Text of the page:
by DAVE SCHWAB
    Jan 30, 2015 | 512 views | 0 0 comments | 1 1 recommendations | email to a friend | print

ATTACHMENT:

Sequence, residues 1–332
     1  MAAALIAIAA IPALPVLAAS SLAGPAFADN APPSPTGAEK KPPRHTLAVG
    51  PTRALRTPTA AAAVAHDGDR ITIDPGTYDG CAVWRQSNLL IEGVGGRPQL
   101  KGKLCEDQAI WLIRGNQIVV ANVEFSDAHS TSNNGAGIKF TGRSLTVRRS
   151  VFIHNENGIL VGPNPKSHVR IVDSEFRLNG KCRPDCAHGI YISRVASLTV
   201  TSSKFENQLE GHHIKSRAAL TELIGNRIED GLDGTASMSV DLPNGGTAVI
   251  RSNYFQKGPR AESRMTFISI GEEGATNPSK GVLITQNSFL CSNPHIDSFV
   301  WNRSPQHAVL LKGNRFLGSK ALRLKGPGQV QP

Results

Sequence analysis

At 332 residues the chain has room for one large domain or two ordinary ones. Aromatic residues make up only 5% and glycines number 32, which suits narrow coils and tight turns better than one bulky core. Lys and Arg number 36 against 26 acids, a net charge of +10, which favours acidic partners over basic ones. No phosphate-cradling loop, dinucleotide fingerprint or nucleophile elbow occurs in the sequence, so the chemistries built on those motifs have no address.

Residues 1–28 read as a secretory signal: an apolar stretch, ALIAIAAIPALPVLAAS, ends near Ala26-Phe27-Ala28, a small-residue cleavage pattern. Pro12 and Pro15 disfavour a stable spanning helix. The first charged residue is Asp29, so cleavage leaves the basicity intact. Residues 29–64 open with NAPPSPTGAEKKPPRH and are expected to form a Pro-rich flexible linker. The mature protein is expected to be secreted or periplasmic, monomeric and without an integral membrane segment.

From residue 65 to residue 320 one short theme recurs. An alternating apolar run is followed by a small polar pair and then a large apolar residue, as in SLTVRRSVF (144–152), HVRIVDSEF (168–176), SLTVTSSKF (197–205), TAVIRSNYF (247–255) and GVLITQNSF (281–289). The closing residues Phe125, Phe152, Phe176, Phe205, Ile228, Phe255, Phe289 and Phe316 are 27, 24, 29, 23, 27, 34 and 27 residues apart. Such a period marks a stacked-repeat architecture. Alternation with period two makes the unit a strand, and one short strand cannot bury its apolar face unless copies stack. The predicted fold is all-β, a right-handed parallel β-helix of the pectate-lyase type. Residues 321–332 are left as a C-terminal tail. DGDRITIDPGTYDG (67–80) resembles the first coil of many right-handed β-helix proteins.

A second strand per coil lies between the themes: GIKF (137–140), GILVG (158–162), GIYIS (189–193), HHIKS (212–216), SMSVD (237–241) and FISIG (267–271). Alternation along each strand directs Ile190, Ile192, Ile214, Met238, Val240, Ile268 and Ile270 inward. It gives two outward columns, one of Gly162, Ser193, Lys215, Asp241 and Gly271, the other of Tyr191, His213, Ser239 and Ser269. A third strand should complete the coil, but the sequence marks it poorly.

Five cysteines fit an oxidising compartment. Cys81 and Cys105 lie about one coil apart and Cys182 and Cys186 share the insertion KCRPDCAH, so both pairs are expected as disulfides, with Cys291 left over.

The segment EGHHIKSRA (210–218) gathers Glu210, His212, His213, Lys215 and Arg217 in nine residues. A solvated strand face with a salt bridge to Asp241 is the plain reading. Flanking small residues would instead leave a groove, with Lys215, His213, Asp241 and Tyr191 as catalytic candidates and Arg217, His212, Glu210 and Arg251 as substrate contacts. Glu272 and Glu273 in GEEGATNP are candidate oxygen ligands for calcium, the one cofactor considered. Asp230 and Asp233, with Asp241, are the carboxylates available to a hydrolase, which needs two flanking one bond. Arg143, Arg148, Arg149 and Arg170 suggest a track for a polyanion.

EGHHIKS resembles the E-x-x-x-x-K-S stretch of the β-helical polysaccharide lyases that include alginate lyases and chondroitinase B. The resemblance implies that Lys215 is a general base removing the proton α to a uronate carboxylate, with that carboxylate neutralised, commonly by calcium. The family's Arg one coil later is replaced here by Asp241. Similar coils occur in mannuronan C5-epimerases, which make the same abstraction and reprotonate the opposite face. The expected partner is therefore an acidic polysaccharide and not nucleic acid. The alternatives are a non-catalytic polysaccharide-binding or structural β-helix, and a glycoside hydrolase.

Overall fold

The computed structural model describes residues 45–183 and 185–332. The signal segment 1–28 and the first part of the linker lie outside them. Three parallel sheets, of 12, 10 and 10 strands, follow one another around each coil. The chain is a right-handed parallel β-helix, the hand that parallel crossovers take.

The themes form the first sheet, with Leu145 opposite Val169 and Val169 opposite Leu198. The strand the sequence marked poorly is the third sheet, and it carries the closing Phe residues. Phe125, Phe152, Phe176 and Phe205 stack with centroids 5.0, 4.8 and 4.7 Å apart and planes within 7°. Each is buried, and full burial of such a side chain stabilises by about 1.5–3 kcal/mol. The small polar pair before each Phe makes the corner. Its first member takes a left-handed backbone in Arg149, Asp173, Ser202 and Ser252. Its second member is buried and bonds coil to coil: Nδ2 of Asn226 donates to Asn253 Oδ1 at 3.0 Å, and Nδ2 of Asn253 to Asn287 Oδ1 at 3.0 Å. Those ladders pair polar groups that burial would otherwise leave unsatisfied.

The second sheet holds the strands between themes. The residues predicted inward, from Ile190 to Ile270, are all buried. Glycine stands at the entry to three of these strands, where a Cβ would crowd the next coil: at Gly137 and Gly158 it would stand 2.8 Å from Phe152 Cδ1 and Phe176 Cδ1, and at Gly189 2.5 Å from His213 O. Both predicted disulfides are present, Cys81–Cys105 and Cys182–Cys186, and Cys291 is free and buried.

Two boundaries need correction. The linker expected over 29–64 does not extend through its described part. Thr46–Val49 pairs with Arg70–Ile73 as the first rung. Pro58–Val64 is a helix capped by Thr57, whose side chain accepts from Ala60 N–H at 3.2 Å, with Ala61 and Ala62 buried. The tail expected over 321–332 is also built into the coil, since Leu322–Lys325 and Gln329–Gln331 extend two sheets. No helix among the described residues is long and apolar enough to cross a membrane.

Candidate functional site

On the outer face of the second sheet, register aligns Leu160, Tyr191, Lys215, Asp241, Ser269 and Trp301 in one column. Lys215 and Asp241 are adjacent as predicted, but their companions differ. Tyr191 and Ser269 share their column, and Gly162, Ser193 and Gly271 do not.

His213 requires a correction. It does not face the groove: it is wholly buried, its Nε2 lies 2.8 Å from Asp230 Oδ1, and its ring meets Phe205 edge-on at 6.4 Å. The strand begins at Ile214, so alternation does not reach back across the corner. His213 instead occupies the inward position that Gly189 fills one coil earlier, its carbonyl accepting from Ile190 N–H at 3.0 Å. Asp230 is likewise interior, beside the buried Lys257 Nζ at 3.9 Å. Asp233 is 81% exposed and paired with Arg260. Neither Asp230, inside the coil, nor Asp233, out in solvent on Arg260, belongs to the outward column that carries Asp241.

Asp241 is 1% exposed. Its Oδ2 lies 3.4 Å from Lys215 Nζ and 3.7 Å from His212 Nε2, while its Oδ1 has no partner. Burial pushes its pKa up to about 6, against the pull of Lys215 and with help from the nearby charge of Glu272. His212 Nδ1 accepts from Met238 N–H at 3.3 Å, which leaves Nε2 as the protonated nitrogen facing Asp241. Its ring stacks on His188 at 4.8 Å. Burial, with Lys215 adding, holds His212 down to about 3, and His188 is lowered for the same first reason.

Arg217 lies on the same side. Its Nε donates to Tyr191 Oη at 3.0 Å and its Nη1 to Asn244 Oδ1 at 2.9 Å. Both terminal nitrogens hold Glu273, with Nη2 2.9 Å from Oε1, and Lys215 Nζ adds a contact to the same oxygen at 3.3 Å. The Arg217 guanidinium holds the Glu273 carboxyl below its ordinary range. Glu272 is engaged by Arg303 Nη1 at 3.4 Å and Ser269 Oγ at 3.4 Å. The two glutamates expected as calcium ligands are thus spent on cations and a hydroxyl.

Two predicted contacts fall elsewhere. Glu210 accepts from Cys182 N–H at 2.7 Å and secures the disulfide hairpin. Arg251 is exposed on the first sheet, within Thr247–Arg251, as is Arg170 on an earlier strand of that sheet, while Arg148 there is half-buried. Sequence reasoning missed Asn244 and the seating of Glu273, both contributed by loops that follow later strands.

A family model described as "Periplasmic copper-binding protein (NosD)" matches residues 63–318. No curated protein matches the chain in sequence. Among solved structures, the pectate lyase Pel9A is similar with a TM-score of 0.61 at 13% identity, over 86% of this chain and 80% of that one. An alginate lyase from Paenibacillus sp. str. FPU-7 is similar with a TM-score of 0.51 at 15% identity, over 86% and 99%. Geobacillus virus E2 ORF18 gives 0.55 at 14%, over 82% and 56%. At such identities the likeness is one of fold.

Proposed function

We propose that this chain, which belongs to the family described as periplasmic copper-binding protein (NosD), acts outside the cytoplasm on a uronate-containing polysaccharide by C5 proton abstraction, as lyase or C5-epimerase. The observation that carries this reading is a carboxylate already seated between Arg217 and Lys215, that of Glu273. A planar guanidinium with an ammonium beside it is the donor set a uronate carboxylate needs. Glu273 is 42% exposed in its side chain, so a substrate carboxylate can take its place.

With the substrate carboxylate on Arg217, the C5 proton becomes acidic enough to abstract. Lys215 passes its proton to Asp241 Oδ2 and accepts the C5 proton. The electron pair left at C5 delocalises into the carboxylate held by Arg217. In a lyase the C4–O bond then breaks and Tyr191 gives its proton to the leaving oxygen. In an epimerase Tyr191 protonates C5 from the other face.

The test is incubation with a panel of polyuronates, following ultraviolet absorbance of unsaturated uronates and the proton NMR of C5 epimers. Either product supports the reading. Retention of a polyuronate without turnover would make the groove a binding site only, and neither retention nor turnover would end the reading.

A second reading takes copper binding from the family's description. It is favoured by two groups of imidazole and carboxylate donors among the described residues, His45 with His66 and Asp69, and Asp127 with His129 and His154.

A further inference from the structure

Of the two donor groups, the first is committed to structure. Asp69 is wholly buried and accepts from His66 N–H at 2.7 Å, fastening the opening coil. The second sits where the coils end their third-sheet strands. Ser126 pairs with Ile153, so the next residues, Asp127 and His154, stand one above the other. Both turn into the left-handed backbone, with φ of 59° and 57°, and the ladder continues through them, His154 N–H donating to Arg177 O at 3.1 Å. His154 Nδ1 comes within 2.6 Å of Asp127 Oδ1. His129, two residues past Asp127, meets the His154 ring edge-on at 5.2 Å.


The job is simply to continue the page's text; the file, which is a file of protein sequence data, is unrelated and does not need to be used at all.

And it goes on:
Whether or not you’re a golf fan, there are many reasons to go to the annual Farmers Insurance Open, running Thursday through Sunday, Feb. 5 through 8, at iconic Torrey Pines Golf Course in La Jolla. This year, the PGA Farmers tournament will include two of the sport’s biggest luminaries: San Diegan Phil Mickelson, a three-time tournament winner; and Tiger Woods, who has won the tournament six times, including four years in a row (2005-08). The cost to access the tournament ranges from $30 to $200. “Our most powerful impact on San Diego is 20 1/2 hours of live coverage and 31 million U.S. viewers,” said Peter Ripa, CEO of The Century Club, the 501(c)3 nonprofit that stages the annual event and associated festivities. The Open is one of the events circled on the calendar of the La Jolla Village Merchants Association, the Business Improvement District responsible for promoting all things La Jolla. “We have hung the banners for the Farmers Insurance Open up around the Village as our support to the tournament,” said association executive director Sheila Fortune. “We promote the tournament through our social media pages and website calendar. “We will promote our... businesses and their ‘specials’ during the tournament and encourage people attending the tournament to come in to the Village and shop and dine for the evening after play,” continued Fortune. “The local hotels and restaurants are usually booked during this week, and they reach out to those that visit them annually.” Some attractions not to miss for those who go to the Farmers Tourney: • The popular Fringe, an open-air, high-energy sports bar setting located on the 15th green. Perfect to entertain clients, meet up with friends and family and enjoy some conversation, a beverage and up-close views. • The Fan Village, behind the 15th green, adjacent to the 17th fairway and a few hundred feet from the 18th tee, the epicenter of action at the Farmers Insurance Open. • Fan Village Expo, a fan-friendly exposition where guests can try the latest golf equipment, learn more about vacation packages and more. • The Grove, a popular outdoor space where fans can relax and enjoy upgraded and expanded concessions, like the Grey Goose Lounge, Beringer Wine Bar and the Michelob Ultra Build-A-Bar, or catch some golf action in the bleachers on the par-3 8th hole. The tournament originally was noted for having singer-actor Andy Williams as a celebrity host from 1968 to 1988. It started as the San Diego Open in 1952 and went by that name through 1985. Title sponsors were added in 1981, with Farmers coming aboard in 2010. The event is organized by the The Century Club of San Diego. For more information, visit FarmersInsuranceOpen.com.